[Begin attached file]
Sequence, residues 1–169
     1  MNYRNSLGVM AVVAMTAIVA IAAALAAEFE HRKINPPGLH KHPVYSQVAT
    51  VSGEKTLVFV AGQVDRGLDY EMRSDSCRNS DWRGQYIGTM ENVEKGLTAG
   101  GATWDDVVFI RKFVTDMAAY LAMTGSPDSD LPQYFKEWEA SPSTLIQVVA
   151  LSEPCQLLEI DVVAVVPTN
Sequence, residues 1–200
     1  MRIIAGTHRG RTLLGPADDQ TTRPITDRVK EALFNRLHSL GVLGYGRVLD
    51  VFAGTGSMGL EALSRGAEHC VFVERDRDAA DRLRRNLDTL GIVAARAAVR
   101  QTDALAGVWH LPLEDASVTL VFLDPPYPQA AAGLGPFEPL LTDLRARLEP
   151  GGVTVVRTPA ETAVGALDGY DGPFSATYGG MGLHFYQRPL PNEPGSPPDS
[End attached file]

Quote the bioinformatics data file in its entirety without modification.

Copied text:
Sequence, residues 1–169
     1  MNYRNSLGVM AVVAMTAIVA IAAALAAEFE HRKINPPGLH KHPVYSQVAT
    51  VSGEKTLVFV AGQVDRGLDY EMRSDSCRNS DWRGQYIGTM ENVEKGLTAG
   101  GATWDDVVFI RKFVTDMAAY LAMTGSPDSD LPQYFKEWEA SPSTLIQVVA
   151  LSEPCQLLEI DVVAVVPTN
Sequence, residues 1–200
     1  MRIIAGTHRG RTLLGPADDQ TTRPITDRVK EALFNRLHSL GVLGYGRVLD
    51  VFAGTGSMGL EALSRGAEHC VFVERDRDAA DRLRRNLDTL GIVAARAAVR
   101  QTDALAGVWH LPLEDASVTL VFLDPPYPQA AAGLGPFEPL LTDLRARLEP
   151  GGVTVVRTPA ETAVGALDGY DGPFSATYGG MGLHFYQRPL PNEPGSPPDS